Teaching and Learning
Oct. 29, 2014 -- Inside Higher Ed's 2014 Survey of Faculty Attitudes on Technology examined the views of faculty members and academic technology administrators on online education and a range of other technology-related issues.
The survey was conducted in conjunction with researchers from Gallup.
On Nov. 18, Inside Higher Ed's Scott Jaschik and Carl Straumsheim conducted a free webinar analyzing the survey's findings and answering readers' questions. To view the webinar, please click here.
The survey was made possible in part by financial support from Blackboard, Pearson and Sonic Foundry.
"The Evolution of Distance Learning" is Inside Higher Ed's latest compilation of articles.
The print-on-demand booklet features articles about a range of institutions and approaches.
This compilation is free and you may download a copy here.
And you may sign up here for a free webinar on Tuesday, Oct. 13, at 2 p.m. Eastern about the themes of the booklet.
Coding academies and boot camps are growing fast. State agencies started paying attention to short-term training programs last year, in a move that may have helped the industry.
Rhode Island College looks to "meta majors" to improve retention rates and push students to make up their minds about a course of study.
With 600 institutions at least in the design phase for a competency-based credential, college officials will meet this month to talk about how to build a program -- and how to ensure its academic quality.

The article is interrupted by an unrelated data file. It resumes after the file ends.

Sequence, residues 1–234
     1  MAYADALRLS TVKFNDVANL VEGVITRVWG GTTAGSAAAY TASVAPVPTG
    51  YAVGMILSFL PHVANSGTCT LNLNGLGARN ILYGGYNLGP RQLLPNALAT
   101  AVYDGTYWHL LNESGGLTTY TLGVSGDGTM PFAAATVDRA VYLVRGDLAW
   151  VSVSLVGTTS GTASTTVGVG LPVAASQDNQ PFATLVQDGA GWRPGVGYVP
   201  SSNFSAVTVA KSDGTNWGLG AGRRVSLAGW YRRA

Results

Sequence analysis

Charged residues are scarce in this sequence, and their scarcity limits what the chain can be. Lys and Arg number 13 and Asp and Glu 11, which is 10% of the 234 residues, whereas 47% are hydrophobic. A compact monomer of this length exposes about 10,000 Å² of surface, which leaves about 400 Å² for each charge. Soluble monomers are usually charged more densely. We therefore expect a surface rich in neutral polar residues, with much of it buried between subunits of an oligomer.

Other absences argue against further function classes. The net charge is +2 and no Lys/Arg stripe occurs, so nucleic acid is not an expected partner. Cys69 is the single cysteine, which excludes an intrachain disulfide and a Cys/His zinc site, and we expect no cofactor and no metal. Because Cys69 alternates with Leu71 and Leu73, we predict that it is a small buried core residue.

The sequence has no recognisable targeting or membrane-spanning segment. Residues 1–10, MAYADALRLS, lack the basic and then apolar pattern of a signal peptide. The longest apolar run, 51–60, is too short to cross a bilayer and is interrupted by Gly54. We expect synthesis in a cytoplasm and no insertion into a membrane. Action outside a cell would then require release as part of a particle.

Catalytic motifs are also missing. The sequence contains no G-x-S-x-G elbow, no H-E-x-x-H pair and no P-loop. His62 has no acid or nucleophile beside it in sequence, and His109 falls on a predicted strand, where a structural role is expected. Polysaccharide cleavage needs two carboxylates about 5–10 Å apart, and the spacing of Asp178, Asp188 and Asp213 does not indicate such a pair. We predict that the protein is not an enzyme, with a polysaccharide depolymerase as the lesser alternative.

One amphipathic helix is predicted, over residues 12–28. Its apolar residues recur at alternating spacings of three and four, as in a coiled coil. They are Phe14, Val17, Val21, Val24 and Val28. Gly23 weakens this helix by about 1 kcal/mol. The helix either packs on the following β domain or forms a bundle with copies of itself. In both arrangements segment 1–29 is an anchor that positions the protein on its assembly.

More doctoral students report that their dissertations extend beyond their primary discipline, but most aren't straying far from their original subject of study.
Students need to grapple with timeless questions and truly consider the possibilities of life, writes Mark Edmundson.
Brian Goedde explains how he came to embrace online learning for a form of teaching known for its in-person experience.
Washington State U overrules instructor, and says she may not have "blanket" bans on use of certain words or phrases, or punish those who violate such bans with lower grades or failure.
New analysis seeks to explain the declining interest of high school students in studying the humanities in college, and a reversal once they arrive.
Inside Higher Ed explores JumpCourse, an online education platform, after a former professor finds that a course lacks rigor and sophisticated sense of its subject matter -- even as the American Council on Education vouches for its quality.
Newark's Essex County College tried adaptive learning software to improve remedial math success rates. It hasn't worked, as students and faculty have struggled with the "self-regulated" approach to learning.
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